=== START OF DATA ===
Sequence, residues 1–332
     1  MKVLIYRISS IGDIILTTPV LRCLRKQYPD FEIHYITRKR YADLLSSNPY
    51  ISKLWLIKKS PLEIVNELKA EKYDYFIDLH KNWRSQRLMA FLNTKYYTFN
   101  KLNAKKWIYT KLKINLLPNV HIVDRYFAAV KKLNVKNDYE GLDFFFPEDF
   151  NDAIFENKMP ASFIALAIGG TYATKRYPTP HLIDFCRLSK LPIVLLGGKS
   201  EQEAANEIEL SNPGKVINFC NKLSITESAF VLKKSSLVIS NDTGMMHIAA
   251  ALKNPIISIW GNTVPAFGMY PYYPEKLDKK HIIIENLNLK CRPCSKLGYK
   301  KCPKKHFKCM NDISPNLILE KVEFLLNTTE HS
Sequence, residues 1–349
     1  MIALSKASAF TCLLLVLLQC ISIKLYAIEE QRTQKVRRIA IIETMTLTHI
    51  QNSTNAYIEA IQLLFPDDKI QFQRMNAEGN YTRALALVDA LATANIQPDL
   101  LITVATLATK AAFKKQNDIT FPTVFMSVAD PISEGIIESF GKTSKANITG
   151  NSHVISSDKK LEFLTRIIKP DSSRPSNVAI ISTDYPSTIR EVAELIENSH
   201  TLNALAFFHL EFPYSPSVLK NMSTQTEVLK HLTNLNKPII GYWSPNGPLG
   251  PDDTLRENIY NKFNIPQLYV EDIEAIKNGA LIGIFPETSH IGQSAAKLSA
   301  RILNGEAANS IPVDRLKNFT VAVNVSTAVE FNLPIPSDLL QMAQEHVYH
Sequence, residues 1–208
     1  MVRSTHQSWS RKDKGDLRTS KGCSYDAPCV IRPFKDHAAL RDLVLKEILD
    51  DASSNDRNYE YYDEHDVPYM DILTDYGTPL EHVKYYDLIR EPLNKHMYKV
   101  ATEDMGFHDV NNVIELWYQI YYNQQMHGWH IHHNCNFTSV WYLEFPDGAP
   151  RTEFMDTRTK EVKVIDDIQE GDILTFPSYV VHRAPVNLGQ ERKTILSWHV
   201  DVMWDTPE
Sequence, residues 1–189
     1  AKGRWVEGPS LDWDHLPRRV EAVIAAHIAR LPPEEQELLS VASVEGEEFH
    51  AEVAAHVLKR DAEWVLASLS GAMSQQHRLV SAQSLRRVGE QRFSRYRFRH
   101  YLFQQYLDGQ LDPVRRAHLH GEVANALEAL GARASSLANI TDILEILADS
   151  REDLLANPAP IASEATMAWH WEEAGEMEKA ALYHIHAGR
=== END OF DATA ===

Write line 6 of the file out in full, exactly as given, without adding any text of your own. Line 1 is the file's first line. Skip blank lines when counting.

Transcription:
   201  EQEAANEIEL SNPGKVINFC NKLSITESAF VLKKSSLVIS NDTGMMHIAA